Michael McGuire May 26, 2021 at 5:20 pm

So the changes at central office are as follows:
The followign are to be removed –
• chief academic officer,
• chief of specialized learning & student services,
• chief of operations,
• chief talent officer,
• chief of communications,
• and chief of digital learning & development.
To be replaced with
• Deputy Superintendent to Equity and Inclusion along with three Assistant Superintendents of presumably Equity and Inclusion.

Question for Ms. Estrella and Mr. Hostin

Since schools are the biggest line item in our City budget, which has now exceeded $1.0 million per week, can you please explain in clear plain language what a Deputy Superintendent of Equity and Inclusion is tasked with? Also, would you kindly provide your definition of Equity.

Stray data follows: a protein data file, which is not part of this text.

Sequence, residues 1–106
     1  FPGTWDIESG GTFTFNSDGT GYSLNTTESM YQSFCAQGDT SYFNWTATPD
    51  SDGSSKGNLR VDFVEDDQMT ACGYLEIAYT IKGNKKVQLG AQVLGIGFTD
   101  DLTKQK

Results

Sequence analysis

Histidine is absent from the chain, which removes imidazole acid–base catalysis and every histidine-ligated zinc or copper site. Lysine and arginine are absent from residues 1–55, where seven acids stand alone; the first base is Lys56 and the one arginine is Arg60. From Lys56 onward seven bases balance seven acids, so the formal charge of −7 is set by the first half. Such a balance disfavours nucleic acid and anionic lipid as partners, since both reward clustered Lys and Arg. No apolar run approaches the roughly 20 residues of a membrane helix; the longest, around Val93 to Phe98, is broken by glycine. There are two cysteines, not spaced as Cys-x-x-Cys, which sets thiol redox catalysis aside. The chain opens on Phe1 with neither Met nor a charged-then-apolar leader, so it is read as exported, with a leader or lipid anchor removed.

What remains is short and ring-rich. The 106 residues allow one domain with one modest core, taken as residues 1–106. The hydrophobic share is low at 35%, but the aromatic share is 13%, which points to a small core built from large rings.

Example – I think everyone can pretty much understand what a chief academic officer does. But what a Deputy Superintendent of Equity does…..not a clue.

I am not being snarky. Most people do not understand what Equity means in our racially charged environment. Therefore, a clear concise explanation for “we the taxpayers” would be vey much appreciated.

My internet searches on Equity come up with definitions that are vague concepts reflecting each individual’s interpretation (feelings) of what fair, just, and impartial should be.

However, since we each are limited in our knowledge wouldn’t that suggest that the person(s) determining Equity would, by default, be biased? This is particularly germane in our “post-Christian” culture where we have lost site of the “Golden Rule”.

This makes Equity ripe for abuse. I think you owe this to the public before these sweeping changes are made.

George May 27, 2021 at 8:22 pm

It should be about Equal Opportunity not “Equity of Outcome”.

Clearly the comments her indicate the BOE needs to do better in explaining what does Equity mean?

So what does it mean????